Wildfires will double in size, it predicts.
And with less snow stored in the mountains, hydroelectric generation in the Pacific Northwest will decrease in the summer when electricity demands are highest, said Dennis Lettenmaier, a University of Washington engineering professor who participated in the Scripps study.
Such disaster scenarios are not far off from what is already occurring in much of the West in the current drought.
Water levels this year at Lake Powell, the massive Colorado River impoundment behind the Glen Canyon Dam in Arizona, were the lowest since the dam was built. Hydrologists say rainfall in the river basin was the lowest since records began in 1906.
Conditions across the Northwest, from Washington to Montana, are similarly bleak. Precipitation in the vast Columbia River Basin has run 50% below normal in recent months, leaving officials worried that this winter could duplicate the dry conditions of the last two seasons.
Major rivers like the Missouri, Yellowstone, Snake, Pecos, Colorado, Sacramento and Klamath are all running low and in some cases at fractions of normal flows. The Rio Grande carried just 13% of its normal flow this year, according to Bureau of Reclamation officials.
Thousands of acres of farmland are being taken out of production in Texas, according to Texas Department of Environmental Quality water master Carlos Rubinstein.
Irrigators and some state officials want the federal government to shut off water deliveries to Mexico in retaliation for failing to make good on a half-trillion-gallon water debt owed to the U.S.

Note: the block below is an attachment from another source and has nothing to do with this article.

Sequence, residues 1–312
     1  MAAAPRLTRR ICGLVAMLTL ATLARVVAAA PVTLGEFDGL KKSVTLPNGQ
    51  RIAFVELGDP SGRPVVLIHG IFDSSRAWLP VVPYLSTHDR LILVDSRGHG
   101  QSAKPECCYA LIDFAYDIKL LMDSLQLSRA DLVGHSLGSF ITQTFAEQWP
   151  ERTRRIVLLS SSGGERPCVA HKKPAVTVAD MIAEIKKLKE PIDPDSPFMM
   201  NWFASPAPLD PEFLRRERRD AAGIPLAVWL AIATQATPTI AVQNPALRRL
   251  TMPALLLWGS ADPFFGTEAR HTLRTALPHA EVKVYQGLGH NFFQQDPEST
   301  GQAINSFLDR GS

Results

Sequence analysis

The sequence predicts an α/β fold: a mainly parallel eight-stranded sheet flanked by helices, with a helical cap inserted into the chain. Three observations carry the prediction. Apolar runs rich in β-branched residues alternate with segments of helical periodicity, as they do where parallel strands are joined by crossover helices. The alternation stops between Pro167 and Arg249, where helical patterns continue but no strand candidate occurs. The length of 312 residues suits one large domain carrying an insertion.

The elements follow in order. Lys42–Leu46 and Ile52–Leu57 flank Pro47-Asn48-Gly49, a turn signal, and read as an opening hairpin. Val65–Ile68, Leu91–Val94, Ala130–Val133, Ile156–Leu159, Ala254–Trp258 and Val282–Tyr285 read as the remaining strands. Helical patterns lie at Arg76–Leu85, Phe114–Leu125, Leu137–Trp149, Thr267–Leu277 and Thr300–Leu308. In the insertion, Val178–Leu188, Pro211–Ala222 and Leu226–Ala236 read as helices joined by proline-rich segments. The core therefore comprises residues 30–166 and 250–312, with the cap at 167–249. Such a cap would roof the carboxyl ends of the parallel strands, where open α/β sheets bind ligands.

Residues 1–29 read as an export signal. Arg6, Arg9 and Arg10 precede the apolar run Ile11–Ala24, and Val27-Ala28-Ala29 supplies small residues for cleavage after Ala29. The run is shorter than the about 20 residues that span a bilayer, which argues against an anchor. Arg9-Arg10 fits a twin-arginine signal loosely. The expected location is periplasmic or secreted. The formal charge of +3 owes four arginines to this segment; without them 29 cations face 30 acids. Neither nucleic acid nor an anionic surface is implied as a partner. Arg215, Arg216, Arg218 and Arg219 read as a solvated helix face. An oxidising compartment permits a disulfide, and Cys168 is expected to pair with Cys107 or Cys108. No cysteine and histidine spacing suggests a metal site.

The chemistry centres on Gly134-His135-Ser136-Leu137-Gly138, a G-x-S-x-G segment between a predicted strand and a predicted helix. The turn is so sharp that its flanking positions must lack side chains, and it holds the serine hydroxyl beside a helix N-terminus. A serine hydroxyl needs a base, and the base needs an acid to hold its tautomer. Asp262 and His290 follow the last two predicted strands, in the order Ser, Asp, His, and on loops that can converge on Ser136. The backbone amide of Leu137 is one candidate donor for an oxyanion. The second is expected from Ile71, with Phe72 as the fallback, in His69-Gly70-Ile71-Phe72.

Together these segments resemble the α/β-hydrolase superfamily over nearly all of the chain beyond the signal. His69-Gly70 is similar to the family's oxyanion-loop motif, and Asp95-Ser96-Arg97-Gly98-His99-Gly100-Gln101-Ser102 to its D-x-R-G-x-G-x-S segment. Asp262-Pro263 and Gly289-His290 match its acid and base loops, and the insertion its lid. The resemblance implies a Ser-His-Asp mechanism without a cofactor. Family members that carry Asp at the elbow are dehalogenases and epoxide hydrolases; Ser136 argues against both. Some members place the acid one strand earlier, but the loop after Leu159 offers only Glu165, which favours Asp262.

Gordon Hill, general manager of Bay View Irrigation District in Texas, says the only long-term solution is to build a canal from the Mississippi River to the dry Plains. Such an audacious plan was long considered in the era of dam building, but abandoned for its staggering costs and environmental consequences.
Sante Fe, N.M., has declared a Stage 3 water emergency, clamping tight restrictions on car washing, lawn watering and other routine activities.
The worst may be coming. Under age-old water laws, the city is supposed to empty its municipal reservoir into the Rio Grande. State officials are desperately trying to arrange a water swap to avoid that step.
Conditions are just the opposite in Yuma, Ariz. While it has not received any measurable rain in 27 months, it has no shortage of water. The desert city holds one of the oldest municipal claims to Colorado River water, according to Yuma Mayor Larry Nelson.
“We have had no adverse impacts in Yuma from the lack of rain,” he said. “But we are conserving water, because it is the right thing to do.”
Across the West, water officials are hoping that a predicted El Nino weather pattern will bring relief, though it’s far from a sure bet. Even with a wet winter, it would take years to redress the shortages in much of the region.